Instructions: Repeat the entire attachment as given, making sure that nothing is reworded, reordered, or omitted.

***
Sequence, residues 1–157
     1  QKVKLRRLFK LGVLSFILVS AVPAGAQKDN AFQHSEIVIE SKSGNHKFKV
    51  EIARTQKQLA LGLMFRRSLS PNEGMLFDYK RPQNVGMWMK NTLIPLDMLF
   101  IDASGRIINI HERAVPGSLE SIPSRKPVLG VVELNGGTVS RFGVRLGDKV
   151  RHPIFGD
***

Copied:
Sequence, residues 1–157
     1  QKVKLRRLFK LGVLSFILVS AVPAGAQKDN AFQHSEIVIE SKSGNHKFKV
    51  EIARTQKQLA LGLMFRRSLS PNEGMLFDYK RPQNVGMWMK NTLIPLDMLF
   101  IDASGRIINI HERAVPGSLE SIPSRKPVLG VVELNGGTVS RFGVRLGDKV
   151  RHPIFGD